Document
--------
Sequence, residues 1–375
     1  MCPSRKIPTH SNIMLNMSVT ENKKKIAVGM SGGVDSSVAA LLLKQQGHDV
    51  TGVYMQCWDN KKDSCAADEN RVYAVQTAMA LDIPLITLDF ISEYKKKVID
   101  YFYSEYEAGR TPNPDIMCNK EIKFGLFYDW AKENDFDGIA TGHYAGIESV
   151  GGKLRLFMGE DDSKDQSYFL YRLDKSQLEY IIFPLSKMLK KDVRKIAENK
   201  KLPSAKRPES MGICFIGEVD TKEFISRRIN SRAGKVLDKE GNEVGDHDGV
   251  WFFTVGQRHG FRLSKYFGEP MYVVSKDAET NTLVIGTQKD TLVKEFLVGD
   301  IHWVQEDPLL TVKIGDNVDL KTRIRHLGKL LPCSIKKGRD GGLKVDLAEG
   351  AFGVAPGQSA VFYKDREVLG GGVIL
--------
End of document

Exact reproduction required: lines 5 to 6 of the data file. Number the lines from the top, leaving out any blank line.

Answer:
   151  GGKLRLFMGE DDSKDQSYFL YRLDKSQLEY IIFPLSKMLK KDVRKIAENK
   201  KLPSAKRPES MGICFIGEVD TKEFISRRIN SRAGKVLDKE GNEVGDHDGV